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Biden Used ‘Emergency Powers’ to Forgive Student Debt? That’s a Slippery Slope.

However worthy the goal, Biden’s move is a dubious use of emergency authority — one that could invite more troubling misuses in the future.

September 8, 2022

This piece first appeared in the Washington Post.

Debate over President Biden’s plan to forgive student loan debt has focused on the merits of the policy. Who will benefit? How will it affect the economy? Is it fair? There has been far too little discussion of the means by which Biden will implement the plan: an invocation of emergency powers.

There needs to be more. However worthy the goal, Biden’s move is a dubious use of emergency authority — one that could invite more troubling misuses in the future.

Emergency powers serve a limited role in our constitutional system. Their purpose is to give presidents a short-term boost in power to handle a sudden, unforeseen crisis (the definition of “emergency”) that is moving too quickly or unpredictably for Congress to address. They often involve extraordinary delegations of authority, such as the power to assert control over domestic transportation. Congress provides these sweeping powers on the assumption that presidents will exercise them rarely and briefly.

Emergency powers are not meant to address long-standing problems, however dire. Nor are they meant to provide long-term solutions. And using them to get around Congress, when Congress has considered a course of action and rejected it, is a clear misuse of emergency powers.

Biden’s action disregards these principles. His plan relies on the 2003 Heroes Act, which allows the education secretary to modify the rules that apply to student loans during war or national emergencies if necessary to mitigate the effects of the crisis. Both President Donald Trump and Biden invoked this law to offset the economic impact of covid-19 by deferring payments and waiving interest.

While the pandemic was a sudden, unforeseen development, student loan debt has been a serious problem for decades. One could argue that covid made this problem significantly and abruptly worse, creating a true emergency. But covid itself has been with us for 2½ years; indeed, it could well be our “new normal.” And unlike the previous deferrals and waivers, debt forgiveness is a permanent act, not a stopgap measure.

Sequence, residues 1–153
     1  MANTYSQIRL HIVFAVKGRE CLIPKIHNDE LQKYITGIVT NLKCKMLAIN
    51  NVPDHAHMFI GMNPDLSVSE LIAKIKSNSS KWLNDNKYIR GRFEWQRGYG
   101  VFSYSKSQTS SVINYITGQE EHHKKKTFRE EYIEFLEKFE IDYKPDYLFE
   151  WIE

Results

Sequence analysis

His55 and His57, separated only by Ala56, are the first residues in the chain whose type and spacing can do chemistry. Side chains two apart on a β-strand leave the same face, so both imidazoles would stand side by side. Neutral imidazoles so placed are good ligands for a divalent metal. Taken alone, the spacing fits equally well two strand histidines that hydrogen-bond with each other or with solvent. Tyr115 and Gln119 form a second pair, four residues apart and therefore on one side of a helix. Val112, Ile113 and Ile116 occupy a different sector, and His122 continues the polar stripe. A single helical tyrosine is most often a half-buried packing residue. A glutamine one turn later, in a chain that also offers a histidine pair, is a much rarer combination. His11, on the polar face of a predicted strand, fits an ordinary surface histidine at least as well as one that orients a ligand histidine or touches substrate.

As for Congress, members have had ample time to confront the pandemic’s fallout, including its interaction with other sources of economic hardship. Since March 2020, several lawmakers have introduced bills that would forgive $10,000 or more in student debt. Although one passed the House, none has made it through the Senate. In other words, Congress has chosen not to pursue this policy.

Against this backdrop, Biden’s action looks less like a temporary exercise of power to address a sudden, fast-moving crisis and more like a work-around to implement a long-term policy that lacks the necessary support in Congress.

To be sure, Biden is not the first president to use emergency powers in this way. Most notably (and flagrantly), Trump declared a national emergency to secure funding for a wall along the southern border after Congress refused his requests. Furthermore, Presidents George W. Bush, Barack Obama and Trump invoked the Heroes Act multiple times to alter the terms of student loan repayments, in apparent reliance on the emergency declaration issued after 9/11. Although Congress registered its approval, these actions took place years after the terrorist attacks and thus set a precedent for using the Heroes Act in non-crisis situations.

It would be a grave mistake to continue this pattern. Progressives are increasingly urging the use of emergency powers to bypass Congress on major policy issues, including climate changeabortion access and gun control. These calls are understandable. The lawmaking process appears to be broken: Again and again, Congress fails to enact the policies that broad majorities of Americans support.

But emergency powers are not the answer. For one thing, when it comes to long-term policy problems, they are rarely adequate substitutes for congressional action. Biden cannot use emergency powers to forgive certain private student loan debts or debts incurred after the covid-19 emergency declaration lapses. Absent broader legislation, student loan debt will likely remain a significant problem for millions. On this and other issues, there are no shortcuts around the hard work of fixing our dysfunctional legislature.

More fundamentally, sidelining Congress through emergency powers means sidelining the checks and balances that safeguard our liberties and democracy. The Heroes Act is among more than 120 powers available to presidents in a national emergency. Others are far more prone to abuse, including laws that allow the president to freeze Americans’ assets without judicial process and take over or shut down communications facilities. These powers could be wielded to undermine democracy — as Trump’s allies recognized when they urged him to declare a national emergency as part of a strategy to overturn the results of the 2020 presidential election.

Of course, restraint on Biden’s part would not foreclose abuses by future presidents. Until Congress reforms the National Emergencies Act, that door will remain open. But when a president who champions the rule of law ignores the principles governing the proper use of emergency powers, it opens the door a bit wider. No matter your view of the merits of student debt forgiveness, that’s an outcome that should trouble us all.